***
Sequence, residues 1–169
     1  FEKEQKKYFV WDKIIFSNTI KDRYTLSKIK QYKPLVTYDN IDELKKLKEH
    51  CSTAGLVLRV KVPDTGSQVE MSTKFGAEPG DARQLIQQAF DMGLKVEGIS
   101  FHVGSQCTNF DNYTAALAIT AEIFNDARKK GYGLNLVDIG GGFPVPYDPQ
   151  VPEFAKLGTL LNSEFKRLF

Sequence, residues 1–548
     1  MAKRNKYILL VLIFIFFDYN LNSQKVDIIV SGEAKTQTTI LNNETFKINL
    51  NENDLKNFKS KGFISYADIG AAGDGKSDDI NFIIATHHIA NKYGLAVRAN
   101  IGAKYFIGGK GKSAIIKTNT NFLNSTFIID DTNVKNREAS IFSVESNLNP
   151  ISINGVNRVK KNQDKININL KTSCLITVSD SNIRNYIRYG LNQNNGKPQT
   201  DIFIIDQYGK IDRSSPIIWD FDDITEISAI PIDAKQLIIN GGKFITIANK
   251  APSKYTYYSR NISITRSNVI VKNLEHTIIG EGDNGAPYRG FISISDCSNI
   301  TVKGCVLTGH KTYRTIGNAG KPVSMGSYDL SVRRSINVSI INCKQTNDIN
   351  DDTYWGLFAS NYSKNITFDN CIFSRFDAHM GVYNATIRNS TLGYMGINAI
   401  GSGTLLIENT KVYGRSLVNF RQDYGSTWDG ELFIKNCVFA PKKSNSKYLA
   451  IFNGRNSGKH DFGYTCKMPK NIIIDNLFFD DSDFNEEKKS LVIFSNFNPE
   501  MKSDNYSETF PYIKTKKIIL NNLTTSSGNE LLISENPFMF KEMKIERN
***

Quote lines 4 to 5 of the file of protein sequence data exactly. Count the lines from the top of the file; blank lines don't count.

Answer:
   101  FHVGSQCTNF DNYTAALAIT AEIFNDARKK GYGLNLVDIG GGFPVPYDPQ
   151  VPEFAKLGTL LNSEFKRLF